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How a Manufacturer Drastically Reduced Customer Product Request Times

The manufacturer named Bernstein AG was first established in the year 1947. The main items that they manufactured had to do with elevators and escalators, as well as automated entry points for buildings. Specifically they constructed components of these machines as well as entire systems that would allow their consumers, malls and other large structures, to provide safe elevation for their own consumers.

Their product line includes components such as sensors, along with enclosures and other safety features. These safety features are essentially meant for the people operating these machines as well as the machines themselves. The manufacturer now employs hundreds of people, and offers its products and services to people all around the world.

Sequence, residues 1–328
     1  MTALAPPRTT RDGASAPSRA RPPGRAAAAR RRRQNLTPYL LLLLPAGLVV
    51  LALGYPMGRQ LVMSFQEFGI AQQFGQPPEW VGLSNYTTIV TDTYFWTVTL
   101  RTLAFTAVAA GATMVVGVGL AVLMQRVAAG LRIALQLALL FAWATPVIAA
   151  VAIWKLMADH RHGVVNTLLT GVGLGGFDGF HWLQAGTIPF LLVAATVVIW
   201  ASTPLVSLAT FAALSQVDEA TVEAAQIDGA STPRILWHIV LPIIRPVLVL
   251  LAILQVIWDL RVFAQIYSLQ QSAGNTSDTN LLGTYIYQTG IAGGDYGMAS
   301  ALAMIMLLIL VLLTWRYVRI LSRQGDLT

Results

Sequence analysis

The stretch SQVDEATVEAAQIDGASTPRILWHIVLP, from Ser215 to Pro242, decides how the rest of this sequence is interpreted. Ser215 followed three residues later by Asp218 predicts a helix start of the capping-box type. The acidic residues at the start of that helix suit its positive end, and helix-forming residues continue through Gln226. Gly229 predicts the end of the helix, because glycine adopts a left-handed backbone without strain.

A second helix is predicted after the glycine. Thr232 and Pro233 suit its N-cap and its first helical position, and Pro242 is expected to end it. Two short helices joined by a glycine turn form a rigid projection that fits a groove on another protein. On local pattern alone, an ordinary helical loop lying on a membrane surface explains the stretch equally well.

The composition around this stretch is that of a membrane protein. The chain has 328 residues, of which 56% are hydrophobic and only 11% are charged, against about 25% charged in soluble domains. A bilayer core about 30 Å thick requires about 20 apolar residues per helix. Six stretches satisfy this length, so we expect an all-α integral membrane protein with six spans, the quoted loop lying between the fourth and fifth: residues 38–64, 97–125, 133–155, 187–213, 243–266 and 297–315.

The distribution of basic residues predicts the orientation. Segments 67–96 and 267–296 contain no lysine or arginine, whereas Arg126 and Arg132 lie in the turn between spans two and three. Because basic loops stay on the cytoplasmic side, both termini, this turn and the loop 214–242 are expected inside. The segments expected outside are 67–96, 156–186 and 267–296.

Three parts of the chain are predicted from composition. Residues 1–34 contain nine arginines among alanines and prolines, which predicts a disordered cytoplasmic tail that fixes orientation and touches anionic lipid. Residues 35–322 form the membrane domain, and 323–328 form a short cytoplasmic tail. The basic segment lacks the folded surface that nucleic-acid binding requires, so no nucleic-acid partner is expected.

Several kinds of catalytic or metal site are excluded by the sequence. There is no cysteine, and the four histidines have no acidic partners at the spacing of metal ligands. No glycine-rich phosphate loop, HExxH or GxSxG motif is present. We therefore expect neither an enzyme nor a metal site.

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Why Manufacturers Should Also Become Service Providers

The majority of companies that deal in manufacturing goods tend to overlook the service sector. According to a recent research conducted by Deloitte, this is putting their entire line of work at risk. This is because such manufacturing firms face stiff competition from businesses that offer lower cost solutions to customers. Other reasons include the supply chain becoming more complicated to navigate pretty much all over the world, as well as the ever increasing demands of the modern consumer.